Nov 1, 2017 | By Tess

LifeTec Construction Group Inc., a Vancouver-based construction firm is aiming to bring 3D printed housing structures to the Canadian city in an effort to provide a faster, more efficient home-building process.

Located on Canada’s Pacific coast, Vancouver is a city known for many things: its stunning views, its fantastic seafood, and more recently, significant population growth. This, paired with an imminent housing crisis spurred on by international real estate investment, means that many people are searching for homes in the growing city, and affordable ones at that.

That’s where LifeTec Construction Group is hoping to make a difference. Using a novel construction 3D printing process known as Framecad, the company says it is equipped to 3D print steel frames for homes in a faster and more efficient manner than traditional home-building processes, which rely on wood frames.

The Framecad system was developed in New Zealand and has since been exported to Australia, Asia, parts of Europe, Africa, and South America. With LifeTec’s use of the technology, Framecad has now landed in Canada.

In short, the technology uses a laser-based 3D printing technology to construct bespoke and modular steel beams and panels. These steel parts, which can be optimized in terms of design for a given housing structure, are then shipped to the construction site and can be assembled almost immediately on the spot.

LifeTec believes that the technology will offer a number of unprecedented benefits to the Vancouver construction industry. Firstly, the technology is capable of creating lightweight steel parts which are stronger and more durable than conventional building wood.

Secondly, once the steel beams and parts are at the construction site, the team says it is only a matter of days before the housing frame is erected.

“If we can work with the developer early enough, we can show up right when the foundation is complete, and it’s three to five days from there to assemble the house—as opposed to three to five weeks for building it from wood,” explained LifeTec COO Jesse Goldman.

Third, and perhaps most significantly, the technology can help to fill a lack of labour in the construction field that is currently affecting Vancouver. This means that the construction of a house can be sped up significantly as it relies less on manual labour.

“Right now, on any construction project in the Lower Mainland, time is a huge factor,” commented LifeTec founder and president Krishna Jolliffe. “When you are dealing with a lack of labour, speeding up those time frames creates huge efficiencies for any builder. So I don’t think we’ll always be able to show people savings, because we aim to come in at the same cost as traditional methods, but on any project, we’ll have a significant time advantage.”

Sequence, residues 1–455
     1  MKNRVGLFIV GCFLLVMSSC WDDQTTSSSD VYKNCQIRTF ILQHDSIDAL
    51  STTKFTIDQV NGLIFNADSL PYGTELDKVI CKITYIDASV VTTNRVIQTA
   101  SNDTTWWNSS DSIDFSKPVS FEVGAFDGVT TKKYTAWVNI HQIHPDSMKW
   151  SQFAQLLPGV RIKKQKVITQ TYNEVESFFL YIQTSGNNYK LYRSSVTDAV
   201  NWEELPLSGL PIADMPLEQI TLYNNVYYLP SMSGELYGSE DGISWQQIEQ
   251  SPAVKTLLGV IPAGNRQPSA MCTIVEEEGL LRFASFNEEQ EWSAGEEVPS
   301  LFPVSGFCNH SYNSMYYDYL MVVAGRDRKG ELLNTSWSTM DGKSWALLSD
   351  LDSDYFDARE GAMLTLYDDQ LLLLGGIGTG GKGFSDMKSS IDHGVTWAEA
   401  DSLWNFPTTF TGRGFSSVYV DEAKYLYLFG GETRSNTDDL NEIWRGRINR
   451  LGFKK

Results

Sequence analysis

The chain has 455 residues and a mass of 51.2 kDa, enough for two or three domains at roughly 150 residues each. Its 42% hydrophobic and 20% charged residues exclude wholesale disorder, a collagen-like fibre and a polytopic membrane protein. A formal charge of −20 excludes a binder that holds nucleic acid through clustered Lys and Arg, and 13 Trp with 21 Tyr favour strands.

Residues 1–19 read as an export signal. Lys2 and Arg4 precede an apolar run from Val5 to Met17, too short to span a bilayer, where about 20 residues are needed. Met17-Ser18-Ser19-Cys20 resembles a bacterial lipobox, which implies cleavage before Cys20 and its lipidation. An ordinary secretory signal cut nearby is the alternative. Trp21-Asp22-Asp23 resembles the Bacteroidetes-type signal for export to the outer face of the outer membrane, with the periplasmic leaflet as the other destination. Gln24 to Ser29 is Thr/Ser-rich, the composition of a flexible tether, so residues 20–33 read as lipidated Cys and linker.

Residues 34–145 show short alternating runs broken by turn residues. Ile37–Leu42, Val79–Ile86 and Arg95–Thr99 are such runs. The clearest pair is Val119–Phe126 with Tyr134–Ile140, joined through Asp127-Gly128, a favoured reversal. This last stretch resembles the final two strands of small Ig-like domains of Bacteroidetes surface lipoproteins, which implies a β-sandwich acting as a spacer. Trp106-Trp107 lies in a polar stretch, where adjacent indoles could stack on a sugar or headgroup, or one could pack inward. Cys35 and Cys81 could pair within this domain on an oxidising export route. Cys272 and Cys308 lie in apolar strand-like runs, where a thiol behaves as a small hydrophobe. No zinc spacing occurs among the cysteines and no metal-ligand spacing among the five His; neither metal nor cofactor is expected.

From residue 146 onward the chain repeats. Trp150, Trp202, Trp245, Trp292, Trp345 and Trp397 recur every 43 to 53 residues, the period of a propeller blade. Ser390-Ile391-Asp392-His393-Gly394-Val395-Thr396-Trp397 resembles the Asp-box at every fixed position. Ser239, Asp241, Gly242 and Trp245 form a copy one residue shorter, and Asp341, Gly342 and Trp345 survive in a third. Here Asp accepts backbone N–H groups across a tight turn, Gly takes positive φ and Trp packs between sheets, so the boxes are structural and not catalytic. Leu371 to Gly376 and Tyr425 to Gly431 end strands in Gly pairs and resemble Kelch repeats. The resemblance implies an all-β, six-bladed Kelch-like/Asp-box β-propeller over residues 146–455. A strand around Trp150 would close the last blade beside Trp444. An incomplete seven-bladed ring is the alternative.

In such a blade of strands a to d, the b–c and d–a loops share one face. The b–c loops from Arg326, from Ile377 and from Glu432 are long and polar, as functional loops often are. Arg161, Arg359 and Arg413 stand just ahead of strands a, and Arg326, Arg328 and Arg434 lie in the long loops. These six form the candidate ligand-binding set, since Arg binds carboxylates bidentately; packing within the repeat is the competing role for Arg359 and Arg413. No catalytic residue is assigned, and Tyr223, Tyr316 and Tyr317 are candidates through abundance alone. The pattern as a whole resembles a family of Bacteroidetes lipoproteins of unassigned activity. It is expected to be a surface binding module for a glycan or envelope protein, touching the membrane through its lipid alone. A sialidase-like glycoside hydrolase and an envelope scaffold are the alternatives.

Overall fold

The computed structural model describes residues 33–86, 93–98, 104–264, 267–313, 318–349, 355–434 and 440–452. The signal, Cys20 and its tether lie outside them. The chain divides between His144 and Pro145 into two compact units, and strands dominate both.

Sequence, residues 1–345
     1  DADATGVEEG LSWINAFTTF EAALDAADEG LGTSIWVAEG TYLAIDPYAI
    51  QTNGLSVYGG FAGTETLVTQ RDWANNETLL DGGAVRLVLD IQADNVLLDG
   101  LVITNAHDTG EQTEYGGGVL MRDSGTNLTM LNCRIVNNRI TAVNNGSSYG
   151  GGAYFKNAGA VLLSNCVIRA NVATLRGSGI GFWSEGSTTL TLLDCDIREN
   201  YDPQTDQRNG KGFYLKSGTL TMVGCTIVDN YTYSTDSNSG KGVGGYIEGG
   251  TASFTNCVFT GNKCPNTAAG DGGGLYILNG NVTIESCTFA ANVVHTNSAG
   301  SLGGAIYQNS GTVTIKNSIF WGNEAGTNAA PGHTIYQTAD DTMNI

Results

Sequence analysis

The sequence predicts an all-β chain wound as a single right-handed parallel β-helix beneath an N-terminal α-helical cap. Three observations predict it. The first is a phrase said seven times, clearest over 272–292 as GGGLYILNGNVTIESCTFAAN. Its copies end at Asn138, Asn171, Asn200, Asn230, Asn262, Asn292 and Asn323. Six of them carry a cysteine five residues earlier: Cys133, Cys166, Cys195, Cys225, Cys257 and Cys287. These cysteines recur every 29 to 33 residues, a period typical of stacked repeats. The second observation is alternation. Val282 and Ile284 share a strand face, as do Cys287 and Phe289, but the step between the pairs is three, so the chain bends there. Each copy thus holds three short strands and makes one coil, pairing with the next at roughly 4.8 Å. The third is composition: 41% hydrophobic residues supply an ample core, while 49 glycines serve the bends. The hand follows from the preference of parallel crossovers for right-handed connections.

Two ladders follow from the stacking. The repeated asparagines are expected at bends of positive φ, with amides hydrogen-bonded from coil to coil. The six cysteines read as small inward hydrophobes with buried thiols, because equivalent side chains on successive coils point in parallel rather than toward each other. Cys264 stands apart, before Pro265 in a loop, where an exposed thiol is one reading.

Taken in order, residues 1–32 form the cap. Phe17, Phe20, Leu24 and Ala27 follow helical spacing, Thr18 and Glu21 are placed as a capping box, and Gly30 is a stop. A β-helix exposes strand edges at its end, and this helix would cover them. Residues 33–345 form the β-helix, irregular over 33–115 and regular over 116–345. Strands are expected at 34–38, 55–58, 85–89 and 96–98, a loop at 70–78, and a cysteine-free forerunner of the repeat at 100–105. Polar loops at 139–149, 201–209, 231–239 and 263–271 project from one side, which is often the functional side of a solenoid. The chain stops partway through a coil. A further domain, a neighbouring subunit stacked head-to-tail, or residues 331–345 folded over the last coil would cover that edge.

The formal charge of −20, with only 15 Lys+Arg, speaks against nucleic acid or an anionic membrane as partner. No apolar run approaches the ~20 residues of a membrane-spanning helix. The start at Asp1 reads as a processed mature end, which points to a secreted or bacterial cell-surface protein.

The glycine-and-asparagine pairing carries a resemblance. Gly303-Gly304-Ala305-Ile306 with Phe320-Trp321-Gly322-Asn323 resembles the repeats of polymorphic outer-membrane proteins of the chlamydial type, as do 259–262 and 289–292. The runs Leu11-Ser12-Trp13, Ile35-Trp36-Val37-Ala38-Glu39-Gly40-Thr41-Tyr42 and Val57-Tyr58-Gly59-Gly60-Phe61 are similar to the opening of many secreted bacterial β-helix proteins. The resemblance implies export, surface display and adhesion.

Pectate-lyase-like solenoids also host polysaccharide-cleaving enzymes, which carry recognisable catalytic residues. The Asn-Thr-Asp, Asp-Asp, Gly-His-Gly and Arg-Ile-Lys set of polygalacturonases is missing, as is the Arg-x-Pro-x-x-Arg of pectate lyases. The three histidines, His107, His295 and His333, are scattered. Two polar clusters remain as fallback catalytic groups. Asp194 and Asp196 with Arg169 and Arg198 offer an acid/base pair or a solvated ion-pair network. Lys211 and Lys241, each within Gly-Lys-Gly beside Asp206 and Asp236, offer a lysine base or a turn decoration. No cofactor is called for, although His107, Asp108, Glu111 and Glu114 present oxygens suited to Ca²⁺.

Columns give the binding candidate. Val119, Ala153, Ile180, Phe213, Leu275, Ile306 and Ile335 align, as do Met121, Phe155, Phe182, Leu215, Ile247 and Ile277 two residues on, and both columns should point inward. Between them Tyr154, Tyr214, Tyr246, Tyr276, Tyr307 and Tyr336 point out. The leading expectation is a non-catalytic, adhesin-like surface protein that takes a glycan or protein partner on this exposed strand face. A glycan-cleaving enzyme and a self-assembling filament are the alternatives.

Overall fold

Vancouver, Canada

Currently, LifeTec is working on a number of smaller-scale private building projects, which include five detached homes for individual families. Eventually, it hopes to scale up its 3D printing capacity to build larger structures, such as multi-family complexes and mid-rise commercial and industrial buildings.

“The sky’s the limit,” said Jolliffe. “We can do anything that can be done with wood. The only construction we can’t do is for high-rises, but we can still do all the infill framing. We can do that at the same cost of existing providers, but at three to four times the speed. So we can create efficiencies in practically every construction process going on in the market.”

The company currently has one Framecad 3D printer at its 8,000-square-foot facility in Vancouver, though it it aiming to invest in more 3D printing equipment to meet growing building requests. Jolliffe says that within the next two years, the goal is to move to a bigger facility and establish a more extensive steel frame manufacturing system, featuring three or four 3D printers.

For more 3D printing construction-related projects, be sure to check out our top 3D printed homes and buildings.



Posted in 3D Printing Application



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Dr James Gardiner wrote at 11/2/2017 11:46:36 PM:

This is not a 3D printing process by any definition, the editors and writers of 3ders should know the difference by now. This process is an automated sheet folding and cutting process, so it is more akin to a ‘beam line’ machine in that the process for fabricating the elements goes through a number of stages in the processing of a sheet of metal into a studd, beam etc. The process is very limited in the geometries it can fabricate, this technology has been around for decades. Soon we will get brick layers calling their profession 3D printing!

Ron wrote at 11/2/2017 1:34:43 PM:

Can we see a photo of an actual building???

MarcC wrote at 11/2/2017 9:11:27 AM:

Agree with the above comment, article should be removed as have just been sucked into giving them publicity on a false pretense.

Scottm wrote at 11/1/2017 10:58:18 PM:

I don't think that bending sheet steel into a channel counts as 3D printing. Unless you want to include having gutters installed to. Nothing wrong with the idea, just not 3D printing. more like marketing fluff.

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